Archive your email, contacts, and calendars before it's too late

Christopher Breen Senior Editor, Macworld Follow me on Google+

Chris has covered technology and media since the latter days of the Reagan Administration. In addition to his journalistic endeavors, he's a professional musician in the San Francisco Bay Area.
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You‘re changing jobs—either voluntarily or not so—and IT‘s going to shut off your access to your old email , contacts, and calendars. While they may consider all of this company property (and I suppose it is), the truth is that many people often mix in personal email with their company stuff.

The upshot is that you‘d like to make copies of this before it vanishes. How do you do it? Let‘s start with Mail.

The trick to grabbing your old email is making an archive of your selected inbox or account. In this case, I have a bunch of mail stored in Mail’s inbox for a Google account that I’ll say is my work email account. To make an archive of it I just select Export Mailbox from the Mailbox menu. (Or I can just right-click on my inbox and choose this same command).

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How to send group emails to the best address

Christopher Breen Senior Editor, Macworld Follow me on Google+

Chris has covered technology and media since the latter days of the Reagan Administration. In addition to his journalistic endeavors, he's a professional musician in the San Francisco Bay Area.
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Here’s the setup: You have a group of people who you routinely send email messages to—your bowling team, for example. The problem is that some of the team members have more than one email address and, apparently, some folks you’ve been sending messages to are a little upset because you’ve sent very casual messages to their business address. How can you avoid making this mistake again?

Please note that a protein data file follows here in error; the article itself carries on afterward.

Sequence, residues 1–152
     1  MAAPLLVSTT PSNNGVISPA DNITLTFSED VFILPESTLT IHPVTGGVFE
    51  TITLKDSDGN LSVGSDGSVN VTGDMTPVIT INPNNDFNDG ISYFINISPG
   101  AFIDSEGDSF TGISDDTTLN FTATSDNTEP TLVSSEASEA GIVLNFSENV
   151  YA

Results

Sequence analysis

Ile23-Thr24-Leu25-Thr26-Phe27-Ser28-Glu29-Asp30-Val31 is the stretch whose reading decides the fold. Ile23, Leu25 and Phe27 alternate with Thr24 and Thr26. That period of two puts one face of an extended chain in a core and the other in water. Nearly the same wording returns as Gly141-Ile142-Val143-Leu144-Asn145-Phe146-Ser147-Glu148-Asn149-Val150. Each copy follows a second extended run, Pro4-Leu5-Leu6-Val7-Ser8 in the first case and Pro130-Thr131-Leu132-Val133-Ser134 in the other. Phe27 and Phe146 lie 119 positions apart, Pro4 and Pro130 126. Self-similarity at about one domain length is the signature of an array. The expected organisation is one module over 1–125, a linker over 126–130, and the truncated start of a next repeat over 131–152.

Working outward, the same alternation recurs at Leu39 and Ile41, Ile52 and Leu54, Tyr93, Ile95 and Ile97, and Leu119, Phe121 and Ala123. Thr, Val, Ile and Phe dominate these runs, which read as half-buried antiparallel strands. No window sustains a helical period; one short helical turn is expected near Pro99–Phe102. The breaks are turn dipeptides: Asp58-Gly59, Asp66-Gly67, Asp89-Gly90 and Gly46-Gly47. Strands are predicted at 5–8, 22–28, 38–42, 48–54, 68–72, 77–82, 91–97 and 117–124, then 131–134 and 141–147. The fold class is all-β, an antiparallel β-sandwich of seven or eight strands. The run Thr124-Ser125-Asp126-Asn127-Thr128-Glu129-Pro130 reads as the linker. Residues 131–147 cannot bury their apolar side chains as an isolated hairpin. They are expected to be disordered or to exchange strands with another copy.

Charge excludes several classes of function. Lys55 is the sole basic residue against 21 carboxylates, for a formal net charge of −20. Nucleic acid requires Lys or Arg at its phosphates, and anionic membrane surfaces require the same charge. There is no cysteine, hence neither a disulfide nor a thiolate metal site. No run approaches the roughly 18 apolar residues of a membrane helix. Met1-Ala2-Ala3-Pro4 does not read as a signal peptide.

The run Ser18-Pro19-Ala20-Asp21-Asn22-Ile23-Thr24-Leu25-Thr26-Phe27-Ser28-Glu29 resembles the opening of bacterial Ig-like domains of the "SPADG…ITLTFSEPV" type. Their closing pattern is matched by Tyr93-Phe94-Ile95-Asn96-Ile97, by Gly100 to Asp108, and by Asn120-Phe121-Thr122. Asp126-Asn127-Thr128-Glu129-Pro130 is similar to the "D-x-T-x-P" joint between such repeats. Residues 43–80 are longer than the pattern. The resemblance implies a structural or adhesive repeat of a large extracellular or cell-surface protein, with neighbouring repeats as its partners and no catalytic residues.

Launch Contacts and select Edit > Edit Distribution List. In the sheet that appears select your group and you’ll see your contacts along with their email addresses to the right. Simply click on the address that you want the group email to go to. When you next send a message to the group with Apple’s Mail app, the message will go where you intended.

The distribution list isn’t appropriate only for email addresses. You can also choose a default phone number and street address.

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Tips for locating (and deleting) iPhoto images

Christopher Breen Senior Editor, Macworld Follow me on Google+

Chris has covered technology and media since the latter days of the Reagan Administration. In addition to his journalistic endeavors, he's a professional musician in the San Francisco Bay Area.
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Recently I shared a couple of tips for culling unwanted images from your iPhoto library and they were received with enough enthusiasm that I thought I’d offer a few more tips for easily filtering (and deleting) those images you don’t want.

Let’s start with EXIF data. Images you take with a digital camera have metadata implanted in them. Using iPhoto’s Search field you can, well, search through this metadata. By doing so, you can identify (and possibly eliminate) certain images.

For example, I want to find all the images shot with the front camera on an iOS device. All I have to do is enter the word “front” in the search field and there are some not-terribly-flattering images of a cat sitting on my head. If I click Info you can see some of the EXIF data at the top—the word “front” appears here and so is searchable.

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How to verify a Time Machine backup

Christopher Breen Senior Editor, Macworld Follow me on Google+

Chris has covered technology and media since the latter days of the Reagan Administration. In addition to his journalistic endeavors, he's a professional musician in the San Francisco Bay Area.
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We recently put out a call for topics you‘d like to learn more about and one of the most popular suggestions was how to verify a Time Machine backup. After all, you‘ve gone to all the trouble to create such a backup, it would be nice to know if it works. It turns out that there‘s not a completely clear-cut answer to this one. Let me explain.